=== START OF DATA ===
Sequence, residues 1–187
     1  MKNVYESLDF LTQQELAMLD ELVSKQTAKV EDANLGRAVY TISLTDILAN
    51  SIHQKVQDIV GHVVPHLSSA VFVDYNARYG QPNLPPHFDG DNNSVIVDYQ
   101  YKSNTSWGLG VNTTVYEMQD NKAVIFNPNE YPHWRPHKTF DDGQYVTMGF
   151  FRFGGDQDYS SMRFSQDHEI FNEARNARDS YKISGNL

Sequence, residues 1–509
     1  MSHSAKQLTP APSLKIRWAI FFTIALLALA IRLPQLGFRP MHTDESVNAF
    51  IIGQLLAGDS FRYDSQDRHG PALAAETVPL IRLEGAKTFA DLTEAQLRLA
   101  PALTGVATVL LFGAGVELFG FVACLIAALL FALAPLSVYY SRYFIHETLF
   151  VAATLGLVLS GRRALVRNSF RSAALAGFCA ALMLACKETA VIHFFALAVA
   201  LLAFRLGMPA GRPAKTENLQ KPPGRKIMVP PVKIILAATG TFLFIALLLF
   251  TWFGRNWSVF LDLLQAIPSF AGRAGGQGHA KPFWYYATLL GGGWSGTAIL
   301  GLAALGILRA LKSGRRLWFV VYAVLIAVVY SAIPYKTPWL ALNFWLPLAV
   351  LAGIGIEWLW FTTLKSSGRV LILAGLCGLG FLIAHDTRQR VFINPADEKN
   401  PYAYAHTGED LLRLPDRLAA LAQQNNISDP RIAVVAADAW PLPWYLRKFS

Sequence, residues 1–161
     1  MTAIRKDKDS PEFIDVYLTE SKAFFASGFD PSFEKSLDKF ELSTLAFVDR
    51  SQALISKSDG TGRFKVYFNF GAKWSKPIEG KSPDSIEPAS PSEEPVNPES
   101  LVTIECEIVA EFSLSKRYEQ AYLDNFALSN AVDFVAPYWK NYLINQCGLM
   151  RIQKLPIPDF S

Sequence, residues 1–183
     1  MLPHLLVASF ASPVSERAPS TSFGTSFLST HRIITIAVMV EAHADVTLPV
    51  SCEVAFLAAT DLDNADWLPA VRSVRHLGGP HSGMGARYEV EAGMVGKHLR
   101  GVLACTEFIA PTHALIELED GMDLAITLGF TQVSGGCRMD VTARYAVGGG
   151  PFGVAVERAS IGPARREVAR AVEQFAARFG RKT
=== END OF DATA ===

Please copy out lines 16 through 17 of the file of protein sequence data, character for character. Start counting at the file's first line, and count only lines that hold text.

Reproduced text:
Sequence, residues 1–161
     1  MTAIRKDKDS PEFIDVYLTE SKAFFASGFD PSFEKSLDKF ELSTLAFVDR